As the above maxim suggests it is an essential tenet of the effective administration of justice that proceedings must progress to hearing without significant delay. Accordingly, the courts have the right to strike out proceedings for want of prosecution.

While there is a legislative basis for this power contained in Order 27 rule 1 and Order 122 rule 11 of the Rules of the Superior Courts, the courts also have an inherent jurisdiction to strike out proceedings for want of prosecution.

The test under which the courts exercise this jurisdiction was initially set out by Finlay P on 31 July 1979[1] and was approved by the Supreme Court in the 1994 case of Primor plc v Stokes Kennedy Crowley[2].

The basics principles are as follows:

  1. The delay must be inordinate and inexcusable.
  2. If inordinate and inexcusable the court must in its discretion decide that the balance of justice lies in favour of the case not proceeding.

The courts will look at any relevant factors in particular any delay on the part of the defendant and whether the delay prejudices the defendant or creates a risk that it is not possible to have a fair trial. It is important to note that fault on the part of the plaintiff is not essential[3].

Despite the Supreme Court’s endorsement of this test such orders were granted sparingly by the courts. However, there appears to be a shift in the willingness of the courts to strike out cases for want of prosecution as illustrated in the recent case of Brian Maxwell v Life Assurance plc and John Fallon[4].

This case concerned an action against an insurance company for specific performance of an insurance contract. Despite the fact that the motion to dismiss for want of prosecution was served within a year of the Plaintiff seeking voluntary discovery the court ordered that the case be struck out for want of prosecution.

The First Named Defendant identified three specific periods of delay: three years from delivery of letter denying liability to issue of proceedings, 22 months from delivery of notice for particulars to delivery of replies to particulars and two years from delivery of replies to particulars to delivery of letter seeking voluntary discovery.

The court deemed the appropriate standard for examining whether delay was inordinate was by reference to ordinary standards of litigation[5]. The court focused on the periods of delay from issue of proceedings and found them to be inordinate.

The Court then examined whether the delay could be excusable and whether there was a reasonable or credible explanation for the delay[6]. The Plaintiff’s replying affidavit set out a number of excuses for the post-commencement delay including; a change in Plaintiff’s solicitor, an erroneous belief that a defence had not been served when it in fact had (the defence was mislaid), delay in advice on proofs from counsel and even staff holidays! The Court found none of the excuses offered to be persuasive and found that the post-commencement delay was inexcusable.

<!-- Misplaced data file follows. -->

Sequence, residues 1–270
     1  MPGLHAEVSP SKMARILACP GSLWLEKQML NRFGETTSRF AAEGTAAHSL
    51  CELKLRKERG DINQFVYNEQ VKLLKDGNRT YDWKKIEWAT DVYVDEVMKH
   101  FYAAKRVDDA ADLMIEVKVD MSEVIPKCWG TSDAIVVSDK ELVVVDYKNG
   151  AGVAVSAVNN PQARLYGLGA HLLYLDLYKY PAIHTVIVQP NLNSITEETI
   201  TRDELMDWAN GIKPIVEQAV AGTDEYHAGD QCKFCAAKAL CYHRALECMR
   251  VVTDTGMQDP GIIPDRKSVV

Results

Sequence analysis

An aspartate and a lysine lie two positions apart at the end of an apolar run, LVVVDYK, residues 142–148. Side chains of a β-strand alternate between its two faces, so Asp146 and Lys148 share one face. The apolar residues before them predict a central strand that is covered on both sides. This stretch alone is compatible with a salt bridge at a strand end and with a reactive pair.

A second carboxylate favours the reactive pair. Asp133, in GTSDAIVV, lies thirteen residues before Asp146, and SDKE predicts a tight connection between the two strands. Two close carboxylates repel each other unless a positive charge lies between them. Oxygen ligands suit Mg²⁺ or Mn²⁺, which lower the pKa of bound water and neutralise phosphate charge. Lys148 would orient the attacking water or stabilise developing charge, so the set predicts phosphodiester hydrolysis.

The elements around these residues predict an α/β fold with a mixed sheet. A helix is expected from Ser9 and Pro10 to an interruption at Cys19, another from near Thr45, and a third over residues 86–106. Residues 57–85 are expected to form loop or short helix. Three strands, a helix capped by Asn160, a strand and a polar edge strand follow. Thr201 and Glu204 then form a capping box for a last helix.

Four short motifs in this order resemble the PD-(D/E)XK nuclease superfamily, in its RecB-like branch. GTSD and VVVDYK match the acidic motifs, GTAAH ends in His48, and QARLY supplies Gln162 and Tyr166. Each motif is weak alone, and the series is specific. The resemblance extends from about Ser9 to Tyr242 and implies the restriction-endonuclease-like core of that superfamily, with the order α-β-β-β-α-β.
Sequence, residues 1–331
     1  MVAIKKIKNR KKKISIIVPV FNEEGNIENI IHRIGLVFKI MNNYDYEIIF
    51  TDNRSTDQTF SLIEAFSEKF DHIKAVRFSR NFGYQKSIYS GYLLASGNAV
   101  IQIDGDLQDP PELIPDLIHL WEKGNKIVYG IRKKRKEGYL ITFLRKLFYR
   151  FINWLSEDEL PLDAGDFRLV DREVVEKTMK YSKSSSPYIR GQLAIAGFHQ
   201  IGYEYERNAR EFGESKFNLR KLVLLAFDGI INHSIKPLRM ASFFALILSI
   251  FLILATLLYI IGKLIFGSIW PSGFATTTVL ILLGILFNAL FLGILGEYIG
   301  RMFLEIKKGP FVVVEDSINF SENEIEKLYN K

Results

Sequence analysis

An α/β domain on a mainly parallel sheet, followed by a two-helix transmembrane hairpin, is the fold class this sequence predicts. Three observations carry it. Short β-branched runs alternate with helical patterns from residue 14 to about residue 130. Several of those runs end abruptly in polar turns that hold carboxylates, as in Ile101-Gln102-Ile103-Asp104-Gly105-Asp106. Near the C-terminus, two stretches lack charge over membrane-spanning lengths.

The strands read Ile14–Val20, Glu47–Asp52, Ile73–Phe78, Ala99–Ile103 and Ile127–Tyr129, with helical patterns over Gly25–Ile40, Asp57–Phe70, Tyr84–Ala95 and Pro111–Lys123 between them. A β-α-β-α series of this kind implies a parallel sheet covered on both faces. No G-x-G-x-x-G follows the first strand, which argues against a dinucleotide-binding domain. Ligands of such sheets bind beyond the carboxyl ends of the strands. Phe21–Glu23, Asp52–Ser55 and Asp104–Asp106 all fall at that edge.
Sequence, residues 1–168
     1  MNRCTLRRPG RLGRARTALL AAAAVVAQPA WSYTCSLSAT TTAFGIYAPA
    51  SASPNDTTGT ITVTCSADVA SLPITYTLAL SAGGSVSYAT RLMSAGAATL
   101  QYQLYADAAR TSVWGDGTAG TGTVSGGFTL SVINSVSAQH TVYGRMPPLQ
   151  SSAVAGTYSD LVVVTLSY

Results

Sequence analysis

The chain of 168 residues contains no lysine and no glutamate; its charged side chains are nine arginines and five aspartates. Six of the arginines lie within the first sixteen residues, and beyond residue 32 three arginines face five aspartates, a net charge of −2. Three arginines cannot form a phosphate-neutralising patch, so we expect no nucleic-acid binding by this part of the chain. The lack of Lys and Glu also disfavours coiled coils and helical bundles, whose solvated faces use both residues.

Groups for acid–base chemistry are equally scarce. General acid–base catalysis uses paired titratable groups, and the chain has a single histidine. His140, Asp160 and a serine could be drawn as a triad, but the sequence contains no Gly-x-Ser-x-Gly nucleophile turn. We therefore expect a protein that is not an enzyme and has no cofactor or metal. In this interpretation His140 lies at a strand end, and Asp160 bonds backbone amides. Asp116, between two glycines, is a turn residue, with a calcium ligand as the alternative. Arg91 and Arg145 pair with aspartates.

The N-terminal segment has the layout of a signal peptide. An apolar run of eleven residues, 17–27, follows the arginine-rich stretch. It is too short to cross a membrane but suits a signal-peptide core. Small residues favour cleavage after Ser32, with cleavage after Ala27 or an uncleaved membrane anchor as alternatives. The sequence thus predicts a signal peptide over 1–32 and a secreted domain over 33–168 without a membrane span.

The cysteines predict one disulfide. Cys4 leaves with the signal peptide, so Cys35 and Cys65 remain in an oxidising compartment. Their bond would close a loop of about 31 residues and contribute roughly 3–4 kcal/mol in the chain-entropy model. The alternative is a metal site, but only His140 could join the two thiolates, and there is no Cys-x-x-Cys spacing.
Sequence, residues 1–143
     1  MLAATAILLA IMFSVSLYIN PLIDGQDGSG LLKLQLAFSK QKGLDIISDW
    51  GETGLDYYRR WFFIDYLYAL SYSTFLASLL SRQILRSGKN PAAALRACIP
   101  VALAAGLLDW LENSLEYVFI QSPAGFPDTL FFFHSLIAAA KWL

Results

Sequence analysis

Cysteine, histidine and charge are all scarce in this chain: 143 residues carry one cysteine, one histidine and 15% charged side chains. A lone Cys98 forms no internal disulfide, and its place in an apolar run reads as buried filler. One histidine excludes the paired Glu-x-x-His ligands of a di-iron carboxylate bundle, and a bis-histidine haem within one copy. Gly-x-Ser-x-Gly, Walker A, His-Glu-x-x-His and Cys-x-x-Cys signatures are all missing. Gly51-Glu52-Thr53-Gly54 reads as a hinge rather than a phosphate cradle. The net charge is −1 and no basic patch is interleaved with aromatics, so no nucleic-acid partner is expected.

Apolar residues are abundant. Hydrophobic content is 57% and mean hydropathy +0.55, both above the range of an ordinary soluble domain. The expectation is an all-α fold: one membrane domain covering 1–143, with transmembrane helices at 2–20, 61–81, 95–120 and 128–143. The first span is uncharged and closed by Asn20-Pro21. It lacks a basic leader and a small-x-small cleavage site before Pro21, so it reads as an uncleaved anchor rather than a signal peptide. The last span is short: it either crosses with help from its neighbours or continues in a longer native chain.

The court in examining whether the balance of justice lay in favour of granting of the order identified two issues to be examined: (1) anything which militates against the court exercising its discretion and (2) potential prejudice to the Defendants’ capacity to defend the action in a way that a fair trial could not now be held.

The Plaintiff alleged delay and acquiescence on the part of the Defendants. The court found the longest period of delay was four months and attributed little weight to same.

With regard to prejudice to the Defendants the Court focused on three issues:

  1. A phone call alleged to have taken place between the Plaintiff’s wife and the Second Named Defendant in September 2004. There was no note evidencing this call and so its contents and indeed whether the call took place would be a matter of significant dispute.
  2. Whether at the time the Second Named Defendant was aware of the Plaintiff’s family medical history. This would involve an examination of the Second Named Defendant as to knowledge he allegedly possessed some 10 years before. This would be extremely difficult to prove in the absence of documentary evidence of which there was none.
  3. The availability of the Plaintiff’s medical records. The Plaintiff claimed the records were likely still available but had not taken up copies of same.

The Court focused on the potential issues arising from the phone call. The call is alleged to have taken place some 10 years before the motion issued on an unspecified date in September 2004. The court acknowledged this call was central to the defence and acknowledged the potential difficulties in defending an action which hinged on whether a phone call was made on an unspecified date more than ten years prior to the date of trial. It is accepted[7] that where matters at issue are not, or are not fully, covered by documentary evidence, there is a greater likelihood of prejudice resulting from the delay.

The court accepted striking out a motion for delay was a draconian step however they deemed it appropriate in this case due to the potential prejudice to the Defendants’ ability to defend the proceedings.

In examining excuses for the delay the court made it clear that while it was suggested that the delay could have been blamed on the Plaintiff’s legal team, they must be viewed as being within the Plaintiff’s control. Therefore it is essential that all Plaintiffs remain in regular contact with their legal team to ensure their case is being progressed in a timely manner or they could face their claim being struck out for want of prosecution.